Pressure was piled on Public Expenditure Minister Brendan Howlin to open up access to information for the public on bailed-out banks as well as semi-state bodies.
There were calls yesterday for Freedom of Information legislation to be applied to state-owned banks as well as companies funded by the exchequer.
Fees for FoI requests should also be abolished, TDs demanded of Mr Howlin.
The Labour minister was speaking on planned changes to FoI legislation which he said would be published during the forthcoming Dáil session.
The legislation allows members of the public and media access internal agency or department files and communications.
Oireachtas finance committee members yesterday called for transport and energy semi-state companies to come under the legislation.
Wicklow TD Stephen Donnelly said companies that had a monopoly, such as Irish Rail, should be included. Dublin South East’s Kevin Humphreys agreed and said this should also apply to semi-state companies such as Bord Gáis and Irish Water. Senator Seán Barrett also agreed.
Mr Howlin said public bodies that would now come under the changed legislation would partially be decided by the amount of public funding they received.
People Before Profit TD Richard Boyd Barrett called for FoI legislation to beapplied to the banks.
He said there was now an appalling history of “cover-up and secrecy” in Ireland that needed to be abolished.
He questioned when the legislation would be applied to bailed out lenders.
The Dun Laoghaire TD said questions on public contracts could also be answered through FoI requests. He said some public bodies used the excuse of “commercial sensitivity” to block requests.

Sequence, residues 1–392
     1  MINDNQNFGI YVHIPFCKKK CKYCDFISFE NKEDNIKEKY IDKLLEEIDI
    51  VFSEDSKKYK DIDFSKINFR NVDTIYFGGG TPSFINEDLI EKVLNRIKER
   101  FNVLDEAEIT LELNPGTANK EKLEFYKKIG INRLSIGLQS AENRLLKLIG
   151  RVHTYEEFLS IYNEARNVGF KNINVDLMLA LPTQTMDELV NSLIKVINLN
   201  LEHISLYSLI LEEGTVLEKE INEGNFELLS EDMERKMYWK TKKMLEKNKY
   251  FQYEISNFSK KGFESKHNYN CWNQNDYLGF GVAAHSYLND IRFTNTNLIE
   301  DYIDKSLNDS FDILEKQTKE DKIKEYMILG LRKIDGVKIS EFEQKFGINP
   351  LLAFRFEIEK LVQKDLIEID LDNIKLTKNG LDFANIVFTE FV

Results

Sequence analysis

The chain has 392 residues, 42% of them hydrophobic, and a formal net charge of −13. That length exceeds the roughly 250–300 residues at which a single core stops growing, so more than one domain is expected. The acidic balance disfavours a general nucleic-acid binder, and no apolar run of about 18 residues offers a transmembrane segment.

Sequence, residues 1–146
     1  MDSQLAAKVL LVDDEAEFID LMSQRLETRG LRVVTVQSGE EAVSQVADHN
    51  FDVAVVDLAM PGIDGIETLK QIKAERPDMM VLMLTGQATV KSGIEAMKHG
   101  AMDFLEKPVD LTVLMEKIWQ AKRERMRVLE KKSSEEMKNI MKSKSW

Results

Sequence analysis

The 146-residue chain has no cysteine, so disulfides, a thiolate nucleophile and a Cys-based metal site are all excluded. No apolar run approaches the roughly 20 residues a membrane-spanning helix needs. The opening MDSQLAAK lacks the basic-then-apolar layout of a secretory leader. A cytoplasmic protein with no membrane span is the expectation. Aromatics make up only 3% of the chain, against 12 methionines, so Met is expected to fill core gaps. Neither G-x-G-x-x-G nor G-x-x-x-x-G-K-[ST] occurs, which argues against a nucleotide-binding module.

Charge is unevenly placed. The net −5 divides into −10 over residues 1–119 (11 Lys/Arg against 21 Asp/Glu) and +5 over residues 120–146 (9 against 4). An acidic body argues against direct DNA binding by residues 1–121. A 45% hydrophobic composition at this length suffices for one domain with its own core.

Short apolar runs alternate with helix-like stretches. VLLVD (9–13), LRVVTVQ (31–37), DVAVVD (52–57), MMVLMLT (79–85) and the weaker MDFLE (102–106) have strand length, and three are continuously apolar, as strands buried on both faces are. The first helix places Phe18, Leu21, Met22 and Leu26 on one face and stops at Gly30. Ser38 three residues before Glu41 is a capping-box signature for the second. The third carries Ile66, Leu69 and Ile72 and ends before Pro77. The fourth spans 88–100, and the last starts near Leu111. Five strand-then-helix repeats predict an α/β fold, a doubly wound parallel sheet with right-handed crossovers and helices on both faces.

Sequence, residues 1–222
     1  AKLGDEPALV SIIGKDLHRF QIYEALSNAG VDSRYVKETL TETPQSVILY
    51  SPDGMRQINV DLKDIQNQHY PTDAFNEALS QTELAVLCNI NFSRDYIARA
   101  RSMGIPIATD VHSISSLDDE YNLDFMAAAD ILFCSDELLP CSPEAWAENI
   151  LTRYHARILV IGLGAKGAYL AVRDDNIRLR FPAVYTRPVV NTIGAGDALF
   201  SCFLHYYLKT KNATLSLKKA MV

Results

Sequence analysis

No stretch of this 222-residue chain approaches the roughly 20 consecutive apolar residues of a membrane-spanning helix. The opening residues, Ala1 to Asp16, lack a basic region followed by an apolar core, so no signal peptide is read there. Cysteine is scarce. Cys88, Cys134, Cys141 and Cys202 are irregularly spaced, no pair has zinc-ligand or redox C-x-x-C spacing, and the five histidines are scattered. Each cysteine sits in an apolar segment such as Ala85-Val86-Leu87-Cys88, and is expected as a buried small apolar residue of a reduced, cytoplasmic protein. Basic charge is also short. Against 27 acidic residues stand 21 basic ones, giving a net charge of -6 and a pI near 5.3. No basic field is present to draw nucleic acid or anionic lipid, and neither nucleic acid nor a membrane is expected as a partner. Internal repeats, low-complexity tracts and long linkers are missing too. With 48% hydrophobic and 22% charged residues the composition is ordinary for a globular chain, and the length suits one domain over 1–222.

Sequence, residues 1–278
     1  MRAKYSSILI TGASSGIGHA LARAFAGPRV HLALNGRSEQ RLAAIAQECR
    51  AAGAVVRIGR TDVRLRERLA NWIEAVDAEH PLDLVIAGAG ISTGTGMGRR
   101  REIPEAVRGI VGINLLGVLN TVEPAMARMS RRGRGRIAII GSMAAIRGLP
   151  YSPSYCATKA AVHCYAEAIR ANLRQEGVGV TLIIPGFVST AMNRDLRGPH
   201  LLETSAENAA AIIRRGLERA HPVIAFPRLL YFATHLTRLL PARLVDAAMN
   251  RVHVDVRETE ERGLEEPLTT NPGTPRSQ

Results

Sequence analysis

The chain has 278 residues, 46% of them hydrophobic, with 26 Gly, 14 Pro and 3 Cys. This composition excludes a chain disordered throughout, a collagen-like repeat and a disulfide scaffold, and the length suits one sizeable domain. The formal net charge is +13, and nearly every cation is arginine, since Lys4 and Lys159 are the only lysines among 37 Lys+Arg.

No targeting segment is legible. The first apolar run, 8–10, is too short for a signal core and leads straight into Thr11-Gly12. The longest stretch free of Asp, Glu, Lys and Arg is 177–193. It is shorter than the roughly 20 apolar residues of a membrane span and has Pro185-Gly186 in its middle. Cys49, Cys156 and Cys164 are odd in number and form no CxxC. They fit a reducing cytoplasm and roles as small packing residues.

Several TDs called for FoI restrictions to be lifted for requests about Nama.
Committee chairman TD Ciarán Lynch requested that information held by gardaí on the quashing of penalty points should be released under the new legislation.
Mr Howlin replied that it was important to examine what was practical when changing FoI rules. He said exemptions applied for some bodies under similar legislation in Sweden, Canada and New Zealand.
There were situations where the public interest was “best protected” if information was not disclosed. He said this applied to commercially sensitive matters where state companies competed with private firms.
Under FoI changes planned, limited amounts of information will be made available from the gardaí, the Department of Defence, refugee agencies and judicial bodies for the first time.
Mr Howlin said that “restrictions” created in the law ten years ago would be corrected and there would be greater access to information.
Laois-Offaly TD Seán Fleming called for a limit on fees and said some retrieval cost quotes by agencies were for thousands of euro.
Mr Howlin said some 70% of FoI requests were made for personal reasons whereby no fees applied.
Figures showed the average charge for non-personal FoIs was €23, which was only 4% of the average actual retrieval costs, he said. Only 15% of non-personal FoI requests were from the media, he added.
He said that there were people who “stayed awake at night at their computer” just issuing FoI requests and that the fees system was “modest and appropriate”. But the minister did say he had plans to modify FoI appeal costs which were high.
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